Wednesday, November 26, 2008

Recitation Jerk

"Can I read?" Danny asked me as he pointed to his paper. "I cannot recite."
"Can you read well?" I asked him.
"Yes."
"Okay, you may read."

Yesterday, the students were to tell me something of various holidays. This, an oral examination, was to be the conclusion of the mid-term examination which they took a few weeks ago now.

Over half of the class was not ready. In their defense, I gave them a vocabulary quiz yesterday as well. Most of them were prepared for the quiz except for Leon. He got fourteen out of the fifteen words wrong. What am I to do with Leon?

Recitation is a cornerstone in the learning of English for native Chinese speakers. This is a practice that all of the Chinese English teachers rely on to gauge where their students stand in their English abilities. This is not something that I am particularly fond of but I feel as if at times I must play by the rules. And, Sometimes, playing by the rules is not even that hard.
 
The recitations involve students memorizing a page or so of a text and then reciting this page to their English teacher. Most of the time the English teacher is Chinese. The teacher, for the most part, listens for correct pronunciation. With the public school students, these recitations occur in between classes, at lunch time, during the eye exercises, whenever they can fit them in. The subjects are usually predetermined by the text the students study in class such as the Oxford English textbook.
 
Since I was telling my students about Halloween when I assigned the recitation, I told them to research a holiday and tell me about it. Some of them picked famous Western holidays. Others picked famous Chinese holidays. Still, others picked more obscure holidays such as Lita's choice which was Water Splashing Day. Paul picked Teacher's Day which he described as an important national holiday. Venice informed me that Christmas is Chris's Mass. I told him the last name in question is Christ. Maybe he was referring to Chris Kringle or Chris Kristofferson. Really, at this point, this is anyone's guess.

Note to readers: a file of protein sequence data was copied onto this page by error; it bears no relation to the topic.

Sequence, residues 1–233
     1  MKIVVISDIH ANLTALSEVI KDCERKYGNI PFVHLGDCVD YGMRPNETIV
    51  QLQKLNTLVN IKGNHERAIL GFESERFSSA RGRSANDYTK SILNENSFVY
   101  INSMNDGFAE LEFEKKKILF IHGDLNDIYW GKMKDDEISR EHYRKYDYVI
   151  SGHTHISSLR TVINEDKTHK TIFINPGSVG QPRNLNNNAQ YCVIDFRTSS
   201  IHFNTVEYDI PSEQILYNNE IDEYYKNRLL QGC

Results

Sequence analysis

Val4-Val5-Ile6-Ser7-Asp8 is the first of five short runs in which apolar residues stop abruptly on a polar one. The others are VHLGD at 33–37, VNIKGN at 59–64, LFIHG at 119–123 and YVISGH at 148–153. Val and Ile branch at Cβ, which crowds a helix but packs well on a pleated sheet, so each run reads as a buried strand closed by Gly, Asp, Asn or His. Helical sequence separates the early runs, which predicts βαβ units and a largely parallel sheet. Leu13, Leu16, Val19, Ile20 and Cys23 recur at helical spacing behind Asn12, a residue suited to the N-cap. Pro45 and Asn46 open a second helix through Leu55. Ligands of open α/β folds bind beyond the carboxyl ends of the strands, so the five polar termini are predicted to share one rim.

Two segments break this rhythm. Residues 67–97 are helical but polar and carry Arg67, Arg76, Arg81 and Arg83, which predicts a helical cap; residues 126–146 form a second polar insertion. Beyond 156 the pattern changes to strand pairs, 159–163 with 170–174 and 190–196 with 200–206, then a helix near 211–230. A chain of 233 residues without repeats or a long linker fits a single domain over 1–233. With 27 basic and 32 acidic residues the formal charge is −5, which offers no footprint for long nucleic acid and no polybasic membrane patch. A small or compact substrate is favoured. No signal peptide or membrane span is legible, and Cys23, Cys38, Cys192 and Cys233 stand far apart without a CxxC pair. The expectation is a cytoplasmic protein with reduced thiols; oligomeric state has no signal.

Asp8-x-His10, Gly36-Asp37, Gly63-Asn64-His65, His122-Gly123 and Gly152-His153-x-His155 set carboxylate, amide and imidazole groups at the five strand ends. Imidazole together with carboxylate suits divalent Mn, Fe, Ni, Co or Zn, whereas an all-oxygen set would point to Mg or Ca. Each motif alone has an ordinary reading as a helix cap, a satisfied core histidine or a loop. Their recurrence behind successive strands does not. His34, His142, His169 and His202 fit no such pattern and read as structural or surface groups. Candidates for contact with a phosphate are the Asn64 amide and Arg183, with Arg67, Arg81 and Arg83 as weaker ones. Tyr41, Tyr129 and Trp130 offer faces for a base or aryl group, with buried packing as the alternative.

The other detail I should point out about the recitation is often the students have no understanding of what they are reciting. The words are just words. In as much, many of the teachers have no idea the meaning behind the words because they often involve idioms with murky definitions. Thus, they are just words to recite. The meaning is not important. This is where they lose me in the whole exercise because to me the exercise is pointless if you do not understand the meaning of the recitation. The Chinese English teachers do not see it this way. I do not argue with them in this matter. This is their country. I am a guest.

So naturally I am not as stringent with the oral English as my Chinese colleagues. Sometimes, Edward asks me if I would listen to his students recite and give them a score. 100% is the highest score.

“Of course, I would love to listen,” I tell him.

These students are not familiar with me. They only know me by face when they come into the office to see Edward. A few of these students look visibly shaken when Edward asks me if I would like to listen to them. Nevertheless, the shaken and non-shaken students recite to me. At the end of the recitation, it never fails, the student looks to me with baited breath waiting for his or her score which many see as their assured academic demise.

Sometimes I have teacher fun and give them 105% which always gives Edward a big belly laugh. He is always proud and boasts of his students after I hear them recite.

“You are the expert,” Edward tells me after I have given the score. The student always leaves the teachers' office less intimidated by me which I think is part of my job as a teacher and as a visiting American, a guest in this big home of dumplings and noodles I call China.

The public school students are usually more ambitious than the private school students. Nevertheless, some of my students, the private school students, are very determined. However, over half of them are just floating along on Daddy's money. This I completely understand. Sharon is often infuriated. Me, I am usually bemused.

Nevertheless, sometimes the public school students are not so ambitious either. A few days ago, a gaggle of Edward's students honked into the office. He asked me if I would listen to one of the girls recite. I told him sure. While a student was reciting for Edward, before she began, the girl told me that she was to recite only half of the page which was half of the passage.
“Okay,” I told her not knowing any better. “Are you ready?”

As she read, she seemed nervous. I tried to allay her nervousness. She started and stopped many times during the recitation. Finally, she finished after what seemed an excruciatingly long time, like longer than an Oasis song, that long. My eyes honestly were starting to roll back in my head and I am sure I was starting to foam at the mouth. As I stated earlier, I usually am pretty generous in my oral English marks but really, this student was the worst I had encountered in the public sector. I gave her a 90% which was absolutely more than generous.